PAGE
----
1. testudo

    Joined: Dec 1969

    -1

    Re: legal protection

    Folks like to sue Apple if it specifies something at one point and they are removed at a later point, etc.

    Um, an NDA isn't going to prevent someone from suing Apple in this case.

    And I don't recall Apple, or anyone, being sued because they removed or changed an API in their OS.

    Additionally they are trying to maintain some legal "attack" capabilities if aspects of the still evolving SDK are picked up by competitors (Android comes to mind).

    So I take it you believe that people should be able to patent software and sue people who do something like it? Because most people here tend to think that's a bad idea.

    And an SDK isn't something you start suing over, anyway. Its a freakin' API, for goodness sakes (and pointed out above that its just like the one for the mac OS, give or take).

    Finally ... and likely the main reason ... Apple is trying to audit all they have done for the iPhone SDK and ensure they have started the patent process for all things of worth. Having an NDA in place prevents the patent window clock from starting to tick (at least in some situations and patent locals)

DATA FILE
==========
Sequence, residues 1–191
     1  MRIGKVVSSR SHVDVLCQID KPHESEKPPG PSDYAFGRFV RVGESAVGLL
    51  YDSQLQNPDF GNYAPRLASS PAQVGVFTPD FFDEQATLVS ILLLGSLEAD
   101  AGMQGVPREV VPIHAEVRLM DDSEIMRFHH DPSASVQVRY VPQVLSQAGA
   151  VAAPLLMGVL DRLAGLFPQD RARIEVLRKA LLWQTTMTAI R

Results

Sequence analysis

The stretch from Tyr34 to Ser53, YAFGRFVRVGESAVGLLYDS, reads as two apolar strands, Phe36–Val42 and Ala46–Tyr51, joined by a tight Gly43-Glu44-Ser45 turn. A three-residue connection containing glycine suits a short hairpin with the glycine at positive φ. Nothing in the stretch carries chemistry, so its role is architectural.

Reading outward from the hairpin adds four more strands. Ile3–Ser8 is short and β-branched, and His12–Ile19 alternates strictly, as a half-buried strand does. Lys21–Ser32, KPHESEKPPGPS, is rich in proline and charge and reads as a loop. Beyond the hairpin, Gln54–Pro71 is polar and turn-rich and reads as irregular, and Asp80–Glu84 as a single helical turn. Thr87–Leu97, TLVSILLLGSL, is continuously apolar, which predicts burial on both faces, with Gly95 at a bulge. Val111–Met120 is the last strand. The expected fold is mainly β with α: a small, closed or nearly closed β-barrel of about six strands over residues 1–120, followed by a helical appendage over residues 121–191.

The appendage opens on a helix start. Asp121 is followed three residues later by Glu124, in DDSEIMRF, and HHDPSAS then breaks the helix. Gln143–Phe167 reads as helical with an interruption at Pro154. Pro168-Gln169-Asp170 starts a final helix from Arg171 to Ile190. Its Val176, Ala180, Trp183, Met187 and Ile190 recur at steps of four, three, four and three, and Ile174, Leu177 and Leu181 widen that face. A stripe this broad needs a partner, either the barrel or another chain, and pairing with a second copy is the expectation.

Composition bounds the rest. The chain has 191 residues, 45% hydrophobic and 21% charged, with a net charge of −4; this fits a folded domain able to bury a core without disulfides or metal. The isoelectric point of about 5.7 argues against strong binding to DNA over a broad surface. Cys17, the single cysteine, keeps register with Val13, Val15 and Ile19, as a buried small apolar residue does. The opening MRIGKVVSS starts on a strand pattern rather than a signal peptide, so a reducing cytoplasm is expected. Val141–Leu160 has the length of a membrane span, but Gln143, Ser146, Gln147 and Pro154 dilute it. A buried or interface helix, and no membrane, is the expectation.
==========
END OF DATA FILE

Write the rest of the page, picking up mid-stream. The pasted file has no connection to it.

Great, now Apple will be suing others over patent infringement over interfaces and APIs. Man, sounds a little draconian.

  1. jpellino

    Joined: Dec 1969

    0

    it's a freaking NDA.

    hardly new. get over it.

  1. chadpengar

    Joined: Dec 1969

    -2

    re: testudo

    Obviously not someone who develops software for a living. The only people I know who think all SW patents are dumb or bogus are the Stallman / Gnu / FSF / Linuxhead freaks.

    SW patents have been abused and need to be reformed but are in general a good idea. A software discovery of a new mechanism to do something is as valid as one in a machine form. It does need to be reformed as there are simple "obvious" things which should not be afforded SW patent protection.

    The patents that ARE dumb are the "business process" patents and that sort of thing. One-click was not a SW patent -- it was a business process patent.